LFCU is entitled to compensatory damages for the conversions of its funds. The question remains whether punitive damages should be assessed as to either AMS or Shenandoah. The Court in its discretion has determined that it will not order the payment of punitive damages in this instance by either corporation. Undoubtedly, many factors contributed to the ultimate conversion of the funds and the responsibility cannot be said to rest solely on the conduct of AMS and Shenandoah. There were many stages along the line where the end result could have been prevented had LFCU been more businesslike, had Harp been more astute, had the banks been less careless, etc. Under these circumstances, an exaction of punitive damages solely against AMS and Shenandoah does not seem warranted, particularly considering the generous nature of the settlement made with Rice.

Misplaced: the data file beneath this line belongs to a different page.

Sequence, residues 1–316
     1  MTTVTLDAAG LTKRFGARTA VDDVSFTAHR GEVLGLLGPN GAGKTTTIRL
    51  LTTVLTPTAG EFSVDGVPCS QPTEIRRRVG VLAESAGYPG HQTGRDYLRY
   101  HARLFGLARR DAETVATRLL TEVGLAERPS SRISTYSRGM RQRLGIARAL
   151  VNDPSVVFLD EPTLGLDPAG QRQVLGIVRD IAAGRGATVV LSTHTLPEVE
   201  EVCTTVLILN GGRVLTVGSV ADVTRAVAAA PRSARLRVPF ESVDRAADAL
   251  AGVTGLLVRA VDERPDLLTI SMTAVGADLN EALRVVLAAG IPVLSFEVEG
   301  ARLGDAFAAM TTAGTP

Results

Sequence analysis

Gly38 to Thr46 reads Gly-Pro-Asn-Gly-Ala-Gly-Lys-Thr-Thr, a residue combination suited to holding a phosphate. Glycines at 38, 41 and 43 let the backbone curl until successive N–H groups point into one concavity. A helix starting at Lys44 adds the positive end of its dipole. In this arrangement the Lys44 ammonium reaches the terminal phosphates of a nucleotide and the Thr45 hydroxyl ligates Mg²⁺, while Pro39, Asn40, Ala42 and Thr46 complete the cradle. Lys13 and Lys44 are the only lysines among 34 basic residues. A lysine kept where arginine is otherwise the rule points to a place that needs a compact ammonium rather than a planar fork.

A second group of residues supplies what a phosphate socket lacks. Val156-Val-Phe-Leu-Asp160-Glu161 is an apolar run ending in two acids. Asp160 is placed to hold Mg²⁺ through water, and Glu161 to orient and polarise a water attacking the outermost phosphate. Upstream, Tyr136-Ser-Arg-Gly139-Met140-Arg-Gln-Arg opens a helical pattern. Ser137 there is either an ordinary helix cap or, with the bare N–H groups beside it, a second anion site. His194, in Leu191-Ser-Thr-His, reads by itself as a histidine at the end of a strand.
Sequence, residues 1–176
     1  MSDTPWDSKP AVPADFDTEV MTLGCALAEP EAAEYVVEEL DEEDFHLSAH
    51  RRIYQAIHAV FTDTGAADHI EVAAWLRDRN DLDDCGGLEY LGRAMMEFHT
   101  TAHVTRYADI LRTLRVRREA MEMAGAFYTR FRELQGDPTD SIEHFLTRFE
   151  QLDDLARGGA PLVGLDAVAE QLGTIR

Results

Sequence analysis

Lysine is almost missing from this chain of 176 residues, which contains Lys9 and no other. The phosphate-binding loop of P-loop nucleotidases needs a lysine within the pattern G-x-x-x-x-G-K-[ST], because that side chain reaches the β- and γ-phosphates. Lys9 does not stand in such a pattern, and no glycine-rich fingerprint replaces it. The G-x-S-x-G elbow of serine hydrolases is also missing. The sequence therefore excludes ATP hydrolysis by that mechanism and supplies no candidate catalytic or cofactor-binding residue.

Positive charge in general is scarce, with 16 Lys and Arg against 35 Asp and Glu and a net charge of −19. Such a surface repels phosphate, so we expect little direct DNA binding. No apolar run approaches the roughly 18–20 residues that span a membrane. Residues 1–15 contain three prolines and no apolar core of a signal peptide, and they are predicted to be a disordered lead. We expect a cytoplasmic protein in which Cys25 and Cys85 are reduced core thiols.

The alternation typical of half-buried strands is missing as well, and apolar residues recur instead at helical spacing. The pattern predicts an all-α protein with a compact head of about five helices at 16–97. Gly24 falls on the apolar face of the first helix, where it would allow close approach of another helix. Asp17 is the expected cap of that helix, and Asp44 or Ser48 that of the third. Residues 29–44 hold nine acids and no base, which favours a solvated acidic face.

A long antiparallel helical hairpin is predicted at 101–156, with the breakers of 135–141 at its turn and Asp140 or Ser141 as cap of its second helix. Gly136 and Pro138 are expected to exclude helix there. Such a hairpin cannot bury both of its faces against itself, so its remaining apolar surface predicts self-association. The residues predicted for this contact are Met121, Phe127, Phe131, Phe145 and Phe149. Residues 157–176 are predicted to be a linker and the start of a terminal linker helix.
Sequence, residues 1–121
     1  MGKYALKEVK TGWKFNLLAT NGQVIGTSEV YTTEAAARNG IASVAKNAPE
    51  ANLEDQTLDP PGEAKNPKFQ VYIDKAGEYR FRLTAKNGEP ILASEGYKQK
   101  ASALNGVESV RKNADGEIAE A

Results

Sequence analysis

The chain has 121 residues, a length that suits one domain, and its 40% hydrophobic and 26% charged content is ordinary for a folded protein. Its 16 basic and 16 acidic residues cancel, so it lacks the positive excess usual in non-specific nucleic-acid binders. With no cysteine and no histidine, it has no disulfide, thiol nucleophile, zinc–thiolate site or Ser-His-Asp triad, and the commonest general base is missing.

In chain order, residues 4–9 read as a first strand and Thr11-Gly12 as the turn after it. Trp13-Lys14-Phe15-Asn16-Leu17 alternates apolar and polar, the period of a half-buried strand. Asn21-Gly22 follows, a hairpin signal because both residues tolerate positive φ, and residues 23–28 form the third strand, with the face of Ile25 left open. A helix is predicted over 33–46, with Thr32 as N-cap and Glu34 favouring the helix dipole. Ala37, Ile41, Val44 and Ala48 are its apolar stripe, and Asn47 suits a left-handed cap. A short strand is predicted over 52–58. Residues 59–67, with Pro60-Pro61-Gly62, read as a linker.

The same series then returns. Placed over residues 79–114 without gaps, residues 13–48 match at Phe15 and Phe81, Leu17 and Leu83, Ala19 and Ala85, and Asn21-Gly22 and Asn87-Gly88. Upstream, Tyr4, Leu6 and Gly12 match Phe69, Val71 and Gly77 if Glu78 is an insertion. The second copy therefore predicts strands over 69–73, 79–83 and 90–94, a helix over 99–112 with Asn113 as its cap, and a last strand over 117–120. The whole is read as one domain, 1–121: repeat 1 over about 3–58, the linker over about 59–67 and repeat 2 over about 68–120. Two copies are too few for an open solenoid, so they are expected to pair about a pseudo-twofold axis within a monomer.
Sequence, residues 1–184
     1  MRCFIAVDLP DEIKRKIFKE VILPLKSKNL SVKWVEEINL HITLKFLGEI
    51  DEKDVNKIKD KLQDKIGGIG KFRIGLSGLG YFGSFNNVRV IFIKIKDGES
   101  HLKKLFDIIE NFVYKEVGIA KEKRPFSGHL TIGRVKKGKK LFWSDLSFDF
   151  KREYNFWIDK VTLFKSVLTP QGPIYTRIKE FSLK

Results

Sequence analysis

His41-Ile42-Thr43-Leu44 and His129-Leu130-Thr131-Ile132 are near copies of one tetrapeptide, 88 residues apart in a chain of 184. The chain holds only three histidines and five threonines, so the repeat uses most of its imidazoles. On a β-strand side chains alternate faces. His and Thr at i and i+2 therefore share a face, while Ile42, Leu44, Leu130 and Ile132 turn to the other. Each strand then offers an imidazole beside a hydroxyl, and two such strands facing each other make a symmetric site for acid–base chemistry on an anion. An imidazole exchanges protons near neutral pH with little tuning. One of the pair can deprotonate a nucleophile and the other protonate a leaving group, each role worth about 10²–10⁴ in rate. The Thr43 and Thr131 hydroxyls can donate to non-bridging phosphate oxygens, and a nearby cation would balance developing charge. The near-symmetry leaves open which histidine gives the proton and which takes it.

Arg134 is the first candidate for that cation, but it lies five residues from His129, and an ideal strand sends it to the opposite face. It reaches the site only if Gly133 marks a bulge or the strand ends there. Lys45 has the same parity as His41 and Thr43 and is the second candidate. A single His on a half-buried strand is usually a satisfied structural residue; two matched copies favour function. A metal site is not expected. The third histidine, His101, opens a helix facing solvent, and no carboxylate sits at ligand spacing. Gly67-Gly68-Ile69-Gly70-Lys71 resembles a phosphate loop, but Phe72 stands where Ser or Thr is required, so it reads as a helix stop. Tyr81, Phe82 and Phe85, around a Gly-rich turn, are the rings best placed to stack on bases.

LFCU is entitled to a separate judgment against AMS for $ 300,000, plus any unpaid interest which accrued on the note prior to default, plus the interest on the two aforementioned sums which has accrued since default at the legal rate of six percent, plus costs; all reduced by the amount Riggs paid and 3/7's of the amounts Rice and Harp paid the plaintiff in settlement. LFCU is entitled to a separate judgment against Shenandoah for $ 400,000, plus any unpaid interest which accrued on the note prior to default, plus the interest on the two aforementioned sums which has accrued since default at the legal rate of six percent, plus costs; all reduced by the amount Union First paid and 4/7's of the amounts Rice and Harp paid the plaintiff in settlement. The notes themselves are hereby cancelled. Counsel for plaintiff is to submit an appropriate order and form of judgment by January 15, 1979, with a brief memorandum explicating the computations made.